John F. Russell: Athletes jumping into spring, the future
March 13, 2004
Todd Lodwick, Johnny Spillane and Clint Jones going head to head on the jumps in Steamboat Springs.
For young ski jumpers and Nordic combined skiers in Steamboat Springs, it’s a dream come true. For skiing fans, it’s one last chance this winter to see the best our country has to offer. For the U.S. Ski Team, it is a chance to crown a champion — or three.
Don’t let the relaxed smiles or laid-back attitude on the ski jumps this week fool you. The U.S. Nationals are serious business.
They act as a springboard for young ski jumpers and Nordic combined athletes in our country.
The championships are a chance for veterans such as Lodwick and Spillane to pick up some cash and let the younger athletes know exactly who is king of the hill.
This year, the championships will mark the end of the winter season and the start of a new era in Steamboat.
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By the end of next week, the snow will be stripped off the steep sloped landing hills, and by the end of next month, Mother Nature likely will have melted the remaining snow from Howelsen’s slopes. The championships, and the season, will vanish with the snow.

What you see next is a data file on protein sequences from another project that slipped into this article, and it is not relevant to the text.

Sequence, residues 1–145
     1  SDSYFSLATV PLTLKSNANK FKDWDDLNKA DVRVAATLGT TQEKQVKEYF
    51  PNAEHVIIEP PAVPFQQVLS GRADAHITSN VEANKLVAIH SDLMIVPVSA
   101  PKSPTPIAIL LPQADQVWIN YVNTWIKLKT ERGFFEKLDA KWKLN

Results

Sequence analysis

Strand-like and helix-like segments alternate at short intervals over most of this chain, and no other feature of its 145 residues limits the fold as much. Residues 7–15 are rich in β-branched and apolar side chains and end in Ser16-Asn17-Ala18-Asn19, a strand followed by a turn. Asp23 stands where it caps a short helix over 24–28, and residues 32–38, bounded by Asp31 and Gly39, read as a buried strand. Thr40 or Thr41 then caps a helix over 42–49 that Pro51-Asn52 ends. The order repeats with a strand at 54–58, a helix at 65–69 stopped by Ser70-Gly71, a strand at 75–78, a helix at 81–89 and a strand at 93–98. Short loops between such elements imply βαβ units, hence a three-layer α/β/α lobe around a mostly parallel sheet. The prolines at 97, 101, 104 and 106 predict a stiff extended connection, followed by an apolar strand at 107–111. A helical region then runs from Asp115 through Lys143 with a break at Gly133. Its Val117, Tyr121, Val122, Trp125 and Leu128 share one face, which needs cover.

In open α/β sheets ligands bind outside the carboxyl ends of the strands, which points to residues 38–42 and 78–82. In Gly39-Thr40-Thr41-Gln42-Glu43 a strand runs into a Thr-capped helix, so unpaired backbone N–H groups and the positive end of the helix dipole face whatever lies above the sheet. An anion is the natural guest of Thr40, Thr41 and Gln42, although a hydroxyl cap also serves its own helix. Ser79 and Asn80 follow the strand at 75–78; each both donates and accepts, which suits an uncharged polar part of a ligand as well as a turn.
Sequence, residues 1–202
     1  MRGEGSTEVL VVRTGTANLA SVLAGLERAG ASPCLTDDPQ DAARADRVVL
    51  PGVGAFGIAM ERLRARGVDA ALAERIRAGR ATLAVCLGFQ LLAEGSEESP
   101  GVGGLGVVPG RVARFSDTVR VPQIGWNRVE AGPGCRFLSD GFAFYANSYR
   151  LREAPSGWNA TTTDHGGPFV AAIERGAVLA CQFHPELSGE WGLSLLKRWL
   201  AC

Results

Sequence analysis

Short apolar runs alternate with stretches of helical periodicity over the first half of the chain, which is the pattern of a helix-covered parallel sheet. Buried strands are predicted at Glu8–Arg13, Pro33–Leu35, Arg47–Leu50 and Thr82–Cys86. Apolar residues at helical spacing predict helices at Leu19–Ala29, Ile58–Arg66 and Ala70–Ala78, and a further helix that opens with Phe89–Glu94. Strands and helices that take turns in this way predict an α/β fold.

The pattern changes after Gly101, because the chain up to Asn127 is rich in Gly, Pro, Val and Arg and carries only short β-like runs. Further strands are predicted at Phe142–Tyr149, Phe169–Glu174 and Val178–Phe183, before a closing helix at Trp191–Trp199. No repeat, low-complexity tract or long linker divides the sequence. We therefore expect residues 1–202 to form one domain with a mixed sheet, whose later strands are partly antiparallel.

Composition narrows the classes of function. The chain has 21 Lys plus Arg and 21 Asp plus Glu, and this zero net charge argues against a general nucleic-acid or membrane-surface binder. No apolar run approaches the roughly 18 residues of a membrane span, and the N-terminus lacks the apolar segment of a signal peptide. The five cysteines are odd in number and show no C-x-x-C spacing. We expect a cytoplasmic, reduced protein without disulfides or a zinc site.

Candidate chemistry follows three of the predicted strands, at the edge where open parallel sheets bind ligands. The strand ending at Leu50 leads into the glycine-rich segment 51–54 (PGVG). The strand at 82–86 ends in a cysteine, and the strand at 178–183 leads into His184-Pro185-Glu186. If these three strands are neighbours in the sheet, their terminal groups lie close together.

But for the athletes, the end of winter is simply a time to shift gears. These days, ski jumping is a year-round sport. To keep up, athletes must find plastic covered jumps and practice their event when the temperatures climb above freezing.
But if all goes as planned, by this time next year, Steamboat no longer will be limited by the change of seasons. Athletes no longer will be forced to drive across the country to train in the summer.
This summer, heavy equipment will begin to update the face of Howelsen for the first time since I started working here more than a decade ago.
The work will transform the K-50 into a state-of-the-art K-65, complete with plastic. The plastic will provide young ski jumpers the opportunity to practice in the summer for the first time.
How the jumps will change the landscape of Nordic sports in Steamboat has yet to be seen. But it is certain that the new plastic holds the promise of maintaining our long and proud Nordic tradition.
So this week, as I watch the next generation of Olympic stars battle for titles at Howelsen Hill, it will be obvious that the sport of ski jumping has undergone dramatic changes.
But I also will be confident that Steamboat has made the right moves to make sure that it maintains its place in the sport.
Upgrading the jumps and adding plastic to the hills has its costs, but the community will be able to cash in on the return for years to come.
–To reach John F. Russell call 871-4209 or e-mail firstname.lastname@example.org